Contact us:

יצירת קשר:

Amicus Brief U.S. Supreme Court, Lozano vs. Alvariez

In the Supreme Court of the United States
No. 12-820



The Hague Convention on Civil Aspects of International Child Abduction (the “Convention”), which the United States implemented by enacting the International Child Abduction Remedies Act (ICARA), provides in Article 12 that the courts of a requested state must order the return of a child who has been wrongfully removed or retained where a period of less than one year has elapsed from the date of the wrongful act. When return proceedings are commenced after the expiration of the one year period, Article 12 provides that the courts shall also order the return of the child, “unless  it is demonstrated that the child is now settled in its new environment”. Where a child has been unlawfully removed or retained and concealed from the left behind parent in a country other than the child’s habitual residence, does the implementation of the Convention’s declared goals require that equitable tolling be applied for the period during which the child was concealed?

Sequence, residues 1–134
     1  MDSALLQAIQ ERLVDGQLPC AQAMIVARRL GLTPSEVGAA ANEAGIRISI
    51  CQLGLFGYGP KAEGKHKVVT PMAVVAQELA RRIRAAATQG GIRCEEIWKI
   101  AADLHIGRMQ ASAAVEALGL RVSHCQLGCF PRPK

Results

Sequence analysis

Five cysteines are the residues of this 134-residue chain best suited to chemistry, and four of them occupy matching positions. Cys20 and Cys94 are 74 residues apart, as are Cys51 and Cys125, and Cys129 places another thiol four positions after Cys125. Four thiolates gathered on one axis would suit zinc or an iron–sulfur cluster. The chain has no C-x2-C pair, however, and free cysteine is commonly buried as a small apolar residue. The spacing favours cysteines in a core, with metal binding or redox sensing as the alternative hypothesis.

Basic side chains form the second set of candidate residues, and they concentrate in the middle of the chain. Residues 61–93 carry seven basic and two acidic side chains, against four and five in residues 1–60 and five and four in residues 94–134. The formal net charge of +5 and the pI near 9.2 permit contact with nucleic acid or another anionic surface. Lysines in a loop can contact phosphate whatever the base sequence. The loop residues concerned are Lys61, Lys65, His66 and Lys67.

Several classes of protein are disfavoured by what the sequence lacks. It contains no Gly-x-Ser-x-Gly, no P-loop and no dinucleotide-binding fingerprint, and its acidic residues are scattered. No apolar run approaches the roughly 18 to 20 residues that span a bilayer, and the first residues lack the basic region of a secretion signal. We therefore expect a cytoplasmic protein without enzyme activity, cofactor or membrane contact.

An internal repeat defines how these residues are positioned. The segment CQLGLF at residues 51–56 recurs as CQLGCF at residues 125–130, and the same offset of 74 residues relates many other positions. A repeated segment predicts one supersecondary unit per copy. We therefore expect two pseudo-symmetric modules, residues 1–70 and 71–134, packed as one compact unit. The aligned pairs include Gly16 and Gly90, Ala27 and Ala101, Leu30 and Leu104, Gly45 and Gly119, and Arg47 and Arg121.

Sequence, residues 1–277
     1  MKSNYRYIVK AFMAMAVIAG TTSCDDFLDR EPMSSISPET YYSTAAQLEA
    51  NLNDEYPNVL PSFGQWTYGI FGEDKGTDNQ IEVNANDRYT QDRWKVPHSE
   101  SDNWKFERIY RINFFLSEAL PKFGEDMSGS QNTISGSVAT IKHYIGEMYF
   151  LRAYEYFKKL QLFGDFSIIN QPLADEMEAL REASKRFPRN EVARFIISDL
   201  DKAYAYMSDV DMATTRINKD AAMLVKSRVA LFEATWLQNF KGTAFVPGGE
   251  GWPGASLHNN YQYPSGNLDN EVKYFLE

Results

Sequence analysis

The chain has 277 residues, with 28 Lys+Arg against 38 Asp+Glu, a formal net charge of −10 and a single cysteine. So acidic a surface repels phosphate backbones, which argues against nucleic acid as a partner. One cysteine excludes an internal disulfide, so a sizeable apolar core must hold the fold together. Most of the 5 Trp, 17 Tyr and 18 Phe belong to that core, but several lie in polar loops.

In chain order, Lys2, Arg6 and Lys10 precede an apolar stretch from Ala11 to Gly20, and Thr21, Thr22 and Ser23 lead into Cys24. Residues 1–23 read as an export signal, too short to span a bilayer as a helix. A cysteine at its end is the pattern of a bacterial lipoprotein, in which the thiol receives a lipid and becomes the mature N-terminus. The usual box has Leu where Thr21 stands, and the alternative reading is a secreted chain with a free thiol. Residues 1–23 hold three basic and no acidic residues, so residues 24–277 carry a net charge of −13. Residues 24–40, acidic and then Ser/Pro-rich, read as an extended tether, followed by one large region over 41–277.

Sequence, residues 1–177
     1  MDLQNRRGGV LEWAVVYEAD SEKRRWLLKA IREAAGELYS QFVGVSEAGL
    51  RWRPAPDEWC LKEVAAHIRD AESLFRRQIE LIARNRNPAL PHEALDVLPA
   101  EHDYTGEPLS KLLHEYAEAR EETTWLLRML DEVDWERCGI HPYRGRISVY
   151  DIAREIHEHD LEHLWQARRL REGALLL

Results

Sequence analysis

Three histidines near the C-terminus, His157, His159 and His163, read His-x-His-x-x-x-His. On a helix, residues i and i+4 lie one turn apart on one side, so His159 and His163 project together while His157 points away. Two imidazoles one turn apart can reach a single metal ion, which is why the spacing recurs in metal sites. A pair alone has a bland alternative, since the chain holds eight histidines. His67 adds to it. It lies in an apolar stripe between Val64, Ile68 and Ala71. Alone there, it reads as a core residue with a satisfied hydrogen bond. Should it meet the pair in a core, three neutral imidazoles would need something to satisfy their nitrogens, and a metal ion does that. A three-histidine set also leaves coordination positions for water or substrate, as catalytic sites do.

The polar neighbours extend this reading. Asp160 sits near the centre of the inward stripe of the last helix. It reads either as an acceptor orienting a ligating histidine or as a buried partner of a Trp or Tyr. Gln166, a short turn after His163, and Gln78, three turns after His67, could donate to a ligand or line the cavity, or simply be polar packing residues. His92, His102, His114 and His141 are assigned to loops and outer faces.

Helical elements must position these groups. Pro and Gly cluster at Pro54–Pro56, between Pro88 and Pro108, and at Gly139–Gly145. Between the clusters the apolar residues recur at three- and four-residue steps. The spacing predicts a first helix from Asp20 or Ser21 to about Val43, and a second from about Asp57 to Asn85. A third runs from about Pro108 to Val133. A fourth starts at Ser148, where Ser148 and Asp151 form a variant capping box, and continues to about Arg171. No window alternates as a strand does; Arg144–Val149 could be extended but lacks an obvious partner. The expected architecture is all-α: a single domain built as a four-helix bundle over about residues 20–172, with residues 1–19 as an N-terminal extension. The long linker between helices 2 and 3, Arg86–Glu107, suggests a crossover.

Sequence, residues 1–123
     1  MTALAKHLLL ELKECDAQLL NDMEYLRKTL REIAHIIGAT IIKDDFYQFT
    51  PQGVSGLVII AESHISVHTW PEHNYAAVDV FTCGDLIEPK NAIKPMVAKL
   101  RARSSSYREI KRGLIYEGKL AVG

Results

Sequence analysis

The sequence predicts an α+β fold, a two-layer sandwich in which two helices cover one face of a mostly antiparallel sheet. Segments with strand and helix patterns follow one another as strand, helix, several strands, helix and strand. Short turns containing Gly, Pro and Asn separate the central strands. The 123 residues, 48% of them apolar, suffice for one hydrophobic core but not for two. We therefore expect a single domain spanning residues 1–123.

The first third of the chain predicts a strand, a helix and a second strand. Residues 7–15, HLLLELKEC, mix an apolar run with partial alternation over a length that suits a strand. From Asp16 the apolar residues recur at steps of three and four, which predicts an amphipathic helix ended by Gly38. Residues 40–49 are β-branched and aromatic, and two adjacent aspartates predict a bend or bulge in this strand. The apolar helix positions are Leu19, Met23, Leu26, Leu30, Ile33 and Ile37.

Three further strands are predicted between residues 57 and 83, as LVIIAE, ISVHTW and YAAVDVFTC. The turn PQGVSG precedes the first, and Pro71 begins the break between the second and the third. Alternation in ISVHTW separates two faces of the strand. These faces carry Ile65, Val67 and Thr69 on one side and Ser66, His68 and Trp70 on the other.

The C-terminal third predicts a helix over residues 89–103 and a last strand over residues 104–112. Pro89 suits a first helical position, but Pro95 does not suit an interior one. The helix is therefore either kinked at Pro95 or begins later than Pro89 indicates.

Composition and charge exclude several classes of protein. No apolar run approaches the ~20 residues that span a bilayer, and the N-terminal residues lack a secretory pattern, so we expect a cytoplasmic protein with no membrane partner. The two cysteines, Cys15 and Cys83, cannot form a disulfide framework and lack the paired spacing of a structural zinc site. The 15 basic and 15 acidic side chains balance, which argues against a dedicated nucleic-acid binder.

The International Academy of Matrimonial Lawyers (IAML) (1) adopts the facts as they are stated in the Petitioner’s brief

                                                                    INTEREST OF THE IAML 

          The IAML was formed in 1986 to improve the practice of law and the administration of justice in the area of divorce and family law throughout the world.  The IAML currently has some 620 “Fellows” in 45 countries, each of whom is recognized by the bench and bar in his or her country as an experienced and skilled family law lawyer. (2) It is a worldwide association of practicing lawyers who are experienced and skilled family law specialists in their respective countries.

IAML has made presentations in the US and in other Fellows’ States in relation to legal reforms. The IAML has sent its representatives to participate in relevant international conferences, often as non-governmental experts,  including the six Special Commissions on the Hague Convention on the Civil Aspects of International Child Abduction( hereinafter;  the Convention). Its Fellows have also written and lectured widely on the Convention and related topics, such as proceedings to obtain court approved relocation of children to another country.

IAML’s interest in the instant case relates to its concern that the implementation of the  Convention, which has significantly reduced the harmful effects of international child abduction, will be severely undermined if the judgment of the Second Circuit in this matter is affirmed. Many Convention cases are brought to court in the signatory States by IAML Fellows. The IAML, therefore, has a strong professional interest in preserving the deterrent effect of the Convention and ensuring the prompt return of wrongfully removed or retained children to their habitual residence.

The IAML is acting pro bono in submitting this brief.


                                                    SUMMARY OF ARGUMENT